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 In Blog, Cloud, General, Security, Technology

how to protect your data, protect your data, fax online, hipaa compliance

Discover practical ways that healthcare professionals can meet HIPAA compliance requirements every day.

Violating the HIPAA act can be costly. This year alone, over $17M in fines have already been dished out to healthcare organizations across the US for the variety of ways they’ve neglected to meet compliance. Although the above number is a culmination of larger fines, it’s important that everyone in the healthcare industry understand that even small-scale infractions can land you on the Office for Civil Rights (OCR) breach portal, also known in the industry as the “Wall of Shame”. This means that not only do healthcare practices have to pay up – their reputations are at stake.

The HIPAA compliance Rules and Safeguards

When trying to maintain HIPAA compliance, keeping up with the regulations can be tricky. The rules are broad and are often violated unintentionally. Creating a HIPAA compliant environment essentially involves following two main rules that go hand-in-hand; both of which revolve around protecting patient health information (PHI). There’s the Privacy rule and the Security rule. The Privacy Rule mainly focuses on the individual’s right to have access to and use their personal information, and covers the confidentiality of PHI. The Security Rule outlines the three separate data protection safeguards that healthcare institutions must follow to keep PHI safe. Adhering to the administrative, physical, and technical safeguards is what creates a compliant environment when handling PHI.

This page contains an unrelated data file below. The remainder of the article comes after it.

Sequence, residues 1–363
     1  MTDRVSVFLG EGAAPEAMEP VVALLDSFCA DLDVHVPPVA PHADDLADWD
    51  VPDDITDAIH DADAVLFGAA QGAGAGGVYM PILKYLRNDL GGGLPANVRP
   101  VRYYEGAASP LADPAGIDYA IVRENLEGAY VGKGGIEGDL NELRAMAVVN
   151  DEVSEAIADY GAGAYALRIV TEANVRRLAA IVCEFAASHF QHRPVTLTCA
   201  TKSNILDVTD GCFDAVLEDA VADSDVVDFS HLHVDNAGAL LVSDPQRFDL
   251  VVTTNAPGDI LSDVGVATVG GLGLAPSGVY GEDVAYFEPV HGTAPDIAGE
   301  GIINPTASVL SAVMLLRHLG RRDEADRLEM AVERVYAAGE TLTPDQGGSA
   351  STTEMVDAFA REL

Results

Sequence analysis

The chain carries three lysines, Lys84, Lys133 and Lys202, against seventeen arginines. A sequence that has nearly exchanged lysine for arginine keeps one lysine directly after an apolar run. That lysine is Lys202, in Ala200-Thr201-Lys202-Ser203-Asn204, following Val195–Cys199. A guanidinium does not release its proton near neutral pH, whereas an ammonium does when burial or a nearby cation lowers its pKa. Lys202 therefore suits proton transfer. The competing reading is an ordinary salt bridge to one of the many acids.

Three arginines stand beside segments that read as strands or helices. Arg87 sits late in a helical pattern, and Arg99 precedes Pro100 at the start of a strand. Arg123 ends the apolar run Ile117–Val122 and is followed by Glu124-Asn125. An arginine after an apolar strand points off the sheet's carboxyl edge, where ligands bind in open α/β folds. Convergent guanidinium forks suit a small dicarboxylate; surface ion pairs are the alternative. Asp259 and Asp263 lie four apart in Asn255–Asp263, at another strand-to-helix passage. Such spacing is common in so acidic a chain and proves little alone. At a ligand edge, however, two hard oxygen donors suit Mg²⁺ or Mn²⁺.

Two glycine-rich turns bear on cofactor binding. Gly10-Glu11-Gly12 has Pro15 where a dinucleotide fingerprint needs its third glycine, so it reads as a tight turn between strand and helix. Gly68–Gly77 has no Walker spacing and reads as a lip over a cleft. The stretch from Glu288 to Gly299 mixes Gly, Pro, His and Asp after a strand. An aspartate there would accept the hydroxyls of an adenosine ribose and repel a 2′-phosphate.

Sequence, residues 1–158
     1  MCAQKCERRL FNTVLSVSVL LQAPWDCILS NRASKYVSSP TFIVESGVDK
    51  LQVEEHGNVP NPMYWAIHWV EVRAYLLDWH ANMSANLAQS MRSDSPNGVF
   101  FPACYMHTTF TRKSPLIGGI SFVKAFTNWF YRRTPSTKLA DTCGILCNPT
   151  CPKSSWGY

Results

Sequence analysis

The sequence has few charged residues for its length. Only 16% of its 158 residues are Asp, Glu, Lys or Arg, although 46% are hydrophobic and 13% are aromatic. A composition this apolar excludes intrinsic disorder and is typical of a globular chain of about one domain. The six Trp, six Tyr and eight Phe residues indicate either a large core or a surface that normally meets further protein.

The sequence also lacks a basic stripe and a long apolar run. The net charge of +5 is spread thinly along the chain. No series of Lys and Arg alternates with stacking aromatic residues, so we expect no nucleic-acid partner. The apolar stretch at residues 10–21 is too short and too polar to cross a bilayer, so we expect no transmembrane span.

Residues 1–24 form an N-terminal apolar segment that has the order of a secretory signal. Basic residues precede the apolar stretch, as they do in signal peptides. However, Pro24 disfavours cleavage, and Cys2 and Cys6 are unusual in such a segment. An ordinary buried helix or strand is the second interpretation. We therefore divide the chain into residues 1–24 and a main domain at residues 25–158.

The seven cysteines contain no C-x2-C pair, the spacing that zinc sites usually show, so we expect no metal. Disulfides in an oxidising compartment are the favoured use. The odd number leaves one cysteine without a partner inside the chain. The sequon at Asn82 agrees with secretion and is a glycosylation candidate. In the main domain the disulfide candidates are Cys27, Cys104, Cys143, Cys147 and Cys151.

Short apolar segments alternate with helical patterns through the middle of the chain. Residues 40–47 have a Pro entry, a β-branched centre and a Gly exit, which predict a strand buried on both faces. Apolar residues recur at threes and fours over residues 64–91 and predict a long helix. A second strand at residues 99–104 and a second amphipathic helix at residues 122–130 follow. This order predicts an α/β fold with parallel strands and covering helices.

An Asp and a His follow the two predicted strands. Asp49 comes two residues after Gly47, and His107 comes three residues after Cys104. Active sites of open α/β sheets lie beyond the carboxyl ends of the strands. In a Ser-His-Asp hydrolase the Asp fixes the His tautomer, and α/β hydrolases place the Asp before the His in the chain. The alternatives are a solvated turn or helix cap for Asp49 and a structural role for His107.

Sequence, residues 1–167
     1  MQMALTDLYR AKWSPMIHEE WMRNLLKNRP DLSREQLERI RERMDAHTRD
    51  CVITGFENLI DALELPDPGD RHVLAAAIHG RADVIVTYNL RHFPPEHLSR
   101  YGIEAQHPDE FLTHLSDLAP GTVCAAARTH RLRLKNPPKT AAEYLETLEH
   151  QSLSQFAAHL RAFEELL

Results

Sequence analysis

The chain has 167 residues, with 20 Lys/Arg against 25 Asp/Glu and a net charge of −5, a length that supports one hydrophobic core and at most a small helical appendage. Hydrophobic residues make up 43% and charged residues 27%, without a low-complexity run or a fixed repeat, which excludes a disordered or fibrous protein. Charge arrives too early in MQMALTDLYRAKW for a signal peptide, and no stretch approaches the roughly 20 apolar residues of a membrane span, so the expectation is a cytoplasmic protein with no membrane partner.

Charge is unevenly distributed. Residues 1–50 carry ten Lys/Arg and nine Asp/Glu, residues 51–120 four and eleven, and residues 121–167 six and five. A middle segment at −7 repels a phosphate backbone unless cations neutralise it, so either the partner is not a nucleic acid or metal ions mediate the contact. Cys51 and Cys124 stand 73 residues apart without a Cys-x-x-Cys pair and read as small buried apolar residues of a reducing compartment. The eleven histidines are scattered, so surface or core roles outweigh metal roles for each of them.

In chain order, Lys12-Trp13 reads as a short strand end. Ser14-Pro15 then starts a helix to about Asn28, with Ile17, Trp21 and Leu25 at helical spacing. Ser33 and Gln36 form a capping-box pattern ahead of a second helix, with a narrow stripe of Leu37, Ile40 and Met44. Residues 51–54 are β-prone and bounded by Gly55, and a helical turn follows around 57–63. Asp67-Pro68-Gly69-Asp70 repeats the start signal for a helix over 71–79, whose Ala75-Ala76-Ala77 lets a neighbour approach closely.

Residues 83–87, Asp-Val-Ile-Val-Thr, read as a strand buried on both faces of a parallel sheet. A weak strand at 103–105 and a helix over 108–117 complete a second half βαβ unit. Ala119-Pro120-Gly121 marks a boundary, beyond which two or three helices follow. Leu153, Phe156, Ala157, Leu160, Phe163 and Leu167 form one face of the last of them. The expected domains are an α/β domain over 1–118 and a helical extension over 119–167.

Many healthcare organizations with a large staff appoint a HIPAA champion who’s familiar with the compliance regulations and can oversee security standards and the handling of PHI, but this isn’t always the case. Regardless of the size of your staff, it’s crucial that all health professionals are familiar with the fundamentals of the Security Rule as a basis of conduct. To avoid HIPAA violations that can cost your organization thousands of dollars and damage the patient relationships you’ve worked hard to establish, let’s take a look at a few tips for day-to-day conduct that can help maintain compliance and keep PHI safe.